In the final real choice of the game, players can choose to go with Harley or Bane, which inevitably will affect John or Freeze because the un-chosen one gets left behind in the get-away. Bringing the crate back to the hideout, the remaining member that you chose earlier will get the honors of telling Bruce to open the crate with the McGuffin key. The contents? Riddler’s frozen corpse. They explain that the next phase of the operation will arrive shortly. Approximately 10 seconds later, the next phase of the operation arrives. Catwoman, who was last seen at the end of Season One shows up with a piece of tech in her hand and Bruce looks surprised. The end.


Characterization is Important To Storytelling. So, Uh, Where Is It?


So, Riddler was set up in the first episode to not only be a member of The Pact, but their de facto leader. But, the storytellers at Telltale made it seem like he was killed by The Pact as well, which means that they killed him and now they’re using his corpse for something nefarious? Penguin was also a member of The Pact according to Harley in this episode. But, he was a member of the Children of Arkham, which were very anti-Bruce Wayne. So, every villain in Gotham seems to be a part of the same group, trying to achieve the same goals, which feels very forced, as most villains in Batman mythos squabble among themselves and inter-fight, only teaming up when absolutely necessary.

Harley’s personality is right from the comics, but it’s a very strange infrastructure to see her not feel a thing for John/ Joker and even go as far as try to seduce Bruce in front of him. She treats John very poorly and masochistically and he just takes it because he’s not dominant at all, especially compared to his other known iterations. It’d be more interesting if they BOTH didn’t have the clown motif attached to their names and characterization and still had a similar backstory to their origins. What has always made Harley a well-thought out character is the story behind her obsession with Joker and her eventual turn from him (in recent years) due to his abuse. This Harley seems to have gone crazy and taken on a clown-like persona due to her father dying, according to a throwaway line from Waller. It’s just bad writing.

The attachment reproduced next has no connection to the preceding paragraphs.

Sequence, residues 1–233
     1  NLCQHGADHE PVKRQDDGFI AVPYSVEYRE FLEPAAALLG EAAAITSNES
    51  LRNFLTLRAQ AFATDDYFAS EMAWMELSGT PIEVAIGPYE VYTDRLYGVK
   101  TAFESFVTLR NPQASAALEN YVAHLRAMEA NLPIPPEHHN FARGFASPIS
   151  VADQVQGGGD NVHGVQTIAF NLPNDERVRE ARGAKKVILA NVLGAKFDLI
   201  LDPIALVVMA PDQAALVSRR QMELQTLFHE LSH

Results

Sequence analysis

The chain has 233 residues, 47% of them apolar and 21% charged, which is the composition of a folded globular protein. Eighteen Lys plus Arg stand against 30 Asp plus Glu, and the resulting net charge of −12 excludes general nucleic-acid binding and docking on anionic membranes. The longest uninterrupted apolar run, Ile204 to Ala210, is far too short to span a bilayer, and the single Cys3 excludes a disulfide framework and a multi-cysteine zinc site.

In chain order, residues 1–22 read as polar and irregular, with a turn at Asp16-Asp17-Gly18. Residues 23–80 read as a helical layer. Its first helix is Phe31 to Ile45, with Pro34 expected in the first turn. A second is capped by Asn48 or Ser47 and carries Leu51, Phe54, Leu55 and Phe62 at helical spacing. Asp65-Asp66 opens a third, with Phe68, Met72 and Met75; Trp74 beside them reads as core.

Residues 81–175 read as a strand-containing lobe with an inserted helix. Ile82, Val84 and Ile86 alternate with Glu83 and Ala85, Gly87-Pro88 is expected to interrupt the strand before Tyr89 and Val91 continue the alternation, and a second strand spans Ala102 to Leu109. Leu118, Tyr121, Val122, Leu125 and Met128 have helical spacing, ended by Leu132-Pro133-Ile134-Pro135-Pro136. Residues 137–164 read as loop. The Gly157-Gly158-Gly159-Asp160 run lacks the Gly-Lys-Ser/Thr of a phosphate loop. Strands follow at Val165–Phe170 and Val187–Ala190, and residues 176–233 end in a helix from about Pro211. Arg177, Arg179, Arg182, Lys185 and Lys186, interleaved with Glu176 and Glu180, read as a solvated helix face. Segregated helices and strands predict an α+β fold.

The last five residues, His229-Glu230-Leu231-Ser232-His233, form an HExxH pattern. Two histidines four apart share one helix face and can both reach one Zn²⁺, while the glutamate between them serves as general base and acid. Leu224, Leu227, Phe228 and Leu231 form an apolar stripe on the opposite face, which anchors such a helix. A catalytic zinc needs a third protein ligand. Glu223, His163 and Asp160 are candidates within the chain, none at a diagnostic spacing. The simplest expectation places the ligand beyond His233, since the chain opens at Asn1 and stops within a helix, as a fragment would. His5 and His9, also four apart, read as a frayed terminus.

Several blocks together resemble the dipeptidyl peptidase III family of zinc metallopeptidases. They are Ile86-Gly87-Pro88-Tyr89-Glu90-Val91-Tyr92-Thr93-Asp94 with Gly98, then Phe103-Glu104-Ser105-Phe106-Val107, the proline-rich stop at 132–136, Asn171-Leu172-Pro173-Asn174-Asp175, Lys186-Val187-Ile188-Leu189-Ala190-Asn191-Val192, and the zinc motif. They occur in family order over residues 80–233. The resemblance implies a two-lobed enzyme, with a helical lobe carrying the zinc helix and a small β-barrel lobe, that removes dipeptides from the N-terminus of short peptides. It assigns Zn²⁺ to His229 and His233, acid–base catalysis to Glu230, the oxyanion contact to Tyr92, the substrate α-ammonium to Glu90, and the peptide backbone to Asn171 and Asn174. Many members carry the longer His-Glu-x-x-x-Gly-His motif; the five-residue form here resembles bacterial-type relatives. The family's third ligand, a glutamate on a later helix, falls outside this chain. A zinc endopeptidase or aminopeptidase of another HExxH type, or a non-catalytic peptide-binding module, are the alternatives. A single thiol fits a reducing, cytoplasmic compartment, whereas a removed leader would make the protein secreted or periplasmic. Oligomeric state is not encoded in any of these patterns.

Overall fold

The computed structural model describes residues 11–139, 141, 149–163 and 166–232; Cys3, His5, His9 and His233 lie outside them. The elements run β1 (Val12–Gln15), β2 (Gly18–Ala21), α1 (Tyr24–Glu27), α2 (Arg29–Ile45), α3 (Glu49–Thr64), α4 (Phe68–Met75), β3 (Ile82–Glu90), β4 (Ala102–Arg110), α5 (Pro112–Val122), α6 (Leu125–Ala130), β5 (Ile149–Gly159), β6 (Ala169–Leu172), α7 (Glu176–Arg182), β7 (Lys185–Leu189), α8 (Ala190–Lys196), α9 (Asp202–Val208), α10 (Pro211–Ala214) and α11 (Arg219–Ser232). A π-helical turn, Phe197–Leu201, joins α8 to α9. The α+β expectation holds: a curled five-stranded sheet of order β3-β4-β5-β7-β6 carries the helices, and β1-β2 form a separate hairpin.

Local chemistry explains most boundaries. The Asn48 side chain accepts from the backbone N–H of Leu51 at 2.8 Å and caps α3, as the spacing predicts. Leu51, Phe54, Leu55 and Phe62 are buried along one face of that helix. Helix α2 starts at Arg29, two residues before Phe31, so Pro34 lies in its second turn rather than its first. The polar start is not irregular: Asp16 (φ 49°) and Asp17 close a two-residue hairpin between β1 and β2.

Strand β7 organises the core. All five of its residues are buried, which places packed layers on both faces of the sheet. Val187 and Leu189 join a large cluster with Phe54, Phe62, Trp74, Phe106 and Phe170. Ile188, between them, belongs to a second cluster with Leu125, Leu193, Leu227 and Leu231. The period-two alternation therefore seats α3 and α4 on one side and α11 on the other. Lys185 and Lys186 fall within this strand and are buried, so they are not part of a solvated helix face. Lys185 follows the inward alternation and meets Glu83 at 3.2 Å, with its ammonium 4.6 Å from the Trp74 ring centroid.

On A More Positive Note…



I do love the innocent appeal they’re giving to John Doe, AKA The Joker, with this series. He genuinely thinks the world of Bruce and it’s going to break my heart when he finally has his world crumble around him to become the Joker everyone knows by the end of this series. Maybe Harley not liking him or Bruce betraying him will be the catalyst, but it’s coming and it’s going to be earth-shattering.

This marks the 7th episode of the Telltale Games line up of Batman and could easily be considered the weakest yet. The story had no depth and seemed to be too busy trying to set up expository for later episodes to actually mean anything. It was true Telltale fashion and told a story, but the writing was sub-par at best. Some of my qualms are nit picky and I understand this, but as a fan of Batman over the years, there’s just certain things that people that write Batman stories have to understand. If they don’t, inconsistencies happen.

I’m excited to see if Bruce takes on Tiffany as the new gadget maker in later episodes. Alfred keeps alluding that Bruce can’t do this alone. Maybe a Robin will get involved eventually. As rough around the edges as this episode was, it’s not going to stop me from being excited for the rest of the season as a whole. One bad episode doesn’t ruin a whole show. We’ll find out next time, on Episode 3: “Fractured Mask”, which I hope reintroduces Lady Arkham, since her body was never found.


Final Verdict: 2.5/5

Available on: PC (reviewed), Xbox One, Playstation 4; Publisher: Telltale Games; Developer: Telltale Games; Players: 1; Released: October 3rd, 2017; ESRB: M for Mature; MSRP: $24.99

Full Disclosure: This review is based on a PC review copy of Batman The Telltale Series: The Enemy Within Season Pass given to HeyPoorPlayer by the publisher.

Jesse Collins brings over a decade of knowledge and experience in the video game industry. In his work, Jesse keeps up-to-date and modern to the best of his ability in the ever-changing industry. With prior experience in public relations and marketing for indie development video games, Jesse has also been a journalist for several publications in the past. He doesn’t THINK outside of the box, he LIVES outside of it.